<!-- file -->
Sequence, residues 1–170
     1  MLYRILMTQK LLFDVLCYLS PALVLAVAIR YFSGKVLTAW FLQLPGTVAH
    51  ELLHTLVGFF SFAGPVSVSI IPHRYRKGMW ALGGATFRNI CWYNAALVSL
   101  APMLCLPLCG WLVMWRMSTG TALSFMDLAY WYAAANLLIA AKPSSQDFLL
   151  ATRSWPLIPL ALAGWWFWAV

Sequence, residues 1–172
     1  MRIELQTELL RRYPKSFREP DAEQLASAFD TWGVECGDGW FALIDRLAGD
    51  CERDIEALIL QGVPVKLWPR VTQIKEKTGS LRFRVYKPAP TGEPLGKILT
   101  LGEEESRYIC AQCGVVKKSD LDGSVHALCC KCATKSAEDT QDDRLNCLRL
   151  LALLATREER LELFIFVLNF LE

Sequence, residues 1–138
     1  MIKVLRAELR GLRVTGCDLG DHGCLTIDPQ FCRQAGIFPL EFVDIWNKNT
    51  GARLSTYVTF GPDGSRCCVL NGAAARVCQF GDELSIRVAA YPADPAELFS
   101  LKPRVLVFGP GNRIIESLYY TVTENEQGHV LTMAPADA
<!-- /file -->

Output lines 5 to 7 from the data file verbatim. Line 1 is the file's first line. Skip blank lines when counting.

   151  ATRSWPLIPL ALAGWWFWAV

Sequence, residues 1–172
     1  MRIELQTELL RRYPKSFREP DAEQLASAFD TWGVECGDGW FALIDRLAGD